Meet one of the scientists monitoring air quality
By Megan Plete Postol
The New York State Department of Conservation’s Division of Air Resources operates a robust statewide program that measures and monitors levels of outdoor air pollution and provides an Air Quality Index (AQI) forecast for some pollutants that can be harmful to human health and current air quality measurement data.
DEC Air Pollution Meteorologist Bob Gaza (BG) caught up with the Adirondack Explorer (AE) to break it all down.
AE: What does the DEC Division of Air Resources do?
BG: We wear a number of hats in our group. We forecast ozone and also fine particles for all of New York State on a daily basis. We have eight forecast regions. We use AQI, which is a unitless index where 100 is equivalent to the state and federal standards. It is a health standard, so that when we reach 100 we are starting to have pollution impacting the health of some of the weaker members of our society that are susceptible to the impacts of ozone and fine particles.
We also do a statistical analysis in preparation for our forecast. We compute 10 year averages of ozone and fine particles. We monitor and compute trends of ozone and fine particles as well. That is a DEC success story, by the way. The precursors to ozone, such as VOCs and nitrogen dioxide, have been on the decline for decades now, starting with the Clean Air Act and further additional policies that have been implemented by DEC. We are headed in the right direction there.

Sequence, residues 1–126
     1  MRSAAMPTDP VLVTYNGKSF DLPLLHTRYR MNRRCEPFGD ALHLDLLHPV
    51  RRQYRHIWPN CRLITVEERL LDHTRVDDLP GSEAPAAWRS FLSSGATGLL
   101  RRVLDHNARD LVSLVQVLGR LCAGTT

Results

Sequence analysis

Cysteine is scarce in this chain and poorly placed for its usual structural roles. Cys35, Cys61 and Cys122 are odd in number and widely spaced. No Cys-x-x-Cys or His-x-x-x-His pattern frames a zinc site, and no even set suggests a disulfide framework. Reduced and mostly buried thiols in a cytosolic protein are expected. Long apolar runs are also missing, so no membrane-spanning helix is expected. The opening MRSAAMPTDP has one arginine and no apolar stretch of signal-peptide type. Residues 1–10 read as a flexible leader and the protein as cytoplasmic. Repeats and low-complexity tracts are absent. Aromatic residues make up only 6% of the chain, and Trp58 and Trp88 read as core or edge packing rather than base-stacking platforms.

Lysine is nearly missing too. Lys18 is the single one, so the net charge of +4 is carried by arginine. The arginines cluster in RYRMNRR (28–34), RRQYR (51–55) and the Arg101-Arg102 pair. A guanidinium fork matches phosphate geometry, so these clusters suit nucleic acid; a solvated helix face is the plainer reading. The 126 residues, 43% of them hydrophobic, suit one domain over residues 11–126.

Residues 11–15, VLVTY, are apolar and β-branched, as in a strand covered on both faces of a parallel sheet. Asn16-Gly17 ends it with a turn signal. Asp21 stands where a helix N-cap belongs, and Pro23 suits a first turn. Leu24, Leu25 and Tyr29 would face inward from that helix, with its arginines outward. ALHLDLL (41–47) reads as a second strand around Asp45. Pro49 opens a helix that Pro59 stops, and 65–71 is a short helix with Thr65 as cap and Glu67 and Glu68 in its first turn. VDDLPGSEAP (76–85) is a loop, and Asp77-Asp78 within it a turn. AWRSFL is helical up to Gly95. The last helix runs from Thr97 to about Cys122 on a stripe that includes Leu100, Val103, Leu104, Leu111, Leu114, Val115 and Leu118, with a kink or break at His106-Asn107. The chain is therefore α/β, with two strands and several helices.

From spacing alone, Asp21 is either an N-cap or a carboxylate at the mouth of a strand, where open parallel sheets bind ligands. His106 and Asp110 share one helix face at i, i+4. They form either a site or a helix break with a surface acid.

Additionally, we do evaluations of our forecasts statistically as well. We also forecast daily weather for all of New York state, which includes extended forecast. We focus on severe weather, although not exclusively.
There are those from DEC that may be going out to monitor air pollution and they need to know what the weather conditions are, so they call us. Other clients inside DEC include the division of water: the flood protection people, the beach erosion people, emergency response inside DEC, and more.
We also have clients outside of DEC, including emergency management and the department of transportation (DOT), and other organizations, that use our forecasts. We are the state representative, as opposed to the federal government, so that is the relationship there. We collaborate with the national weather service and forward information there. So whether it is a major snowstorm in New York City, a hurricane heading for the coast, a tornado outbreak, or any number of severe weather things across the state, we monitor it.
We are involved with teaching the fire weather course to the New York state rangers. We instruct them as to what weather conditions could make fire outbreaks more likely. Related to that, we provide the daily fire danger map for all of the state that is found on the DEC website and other areas.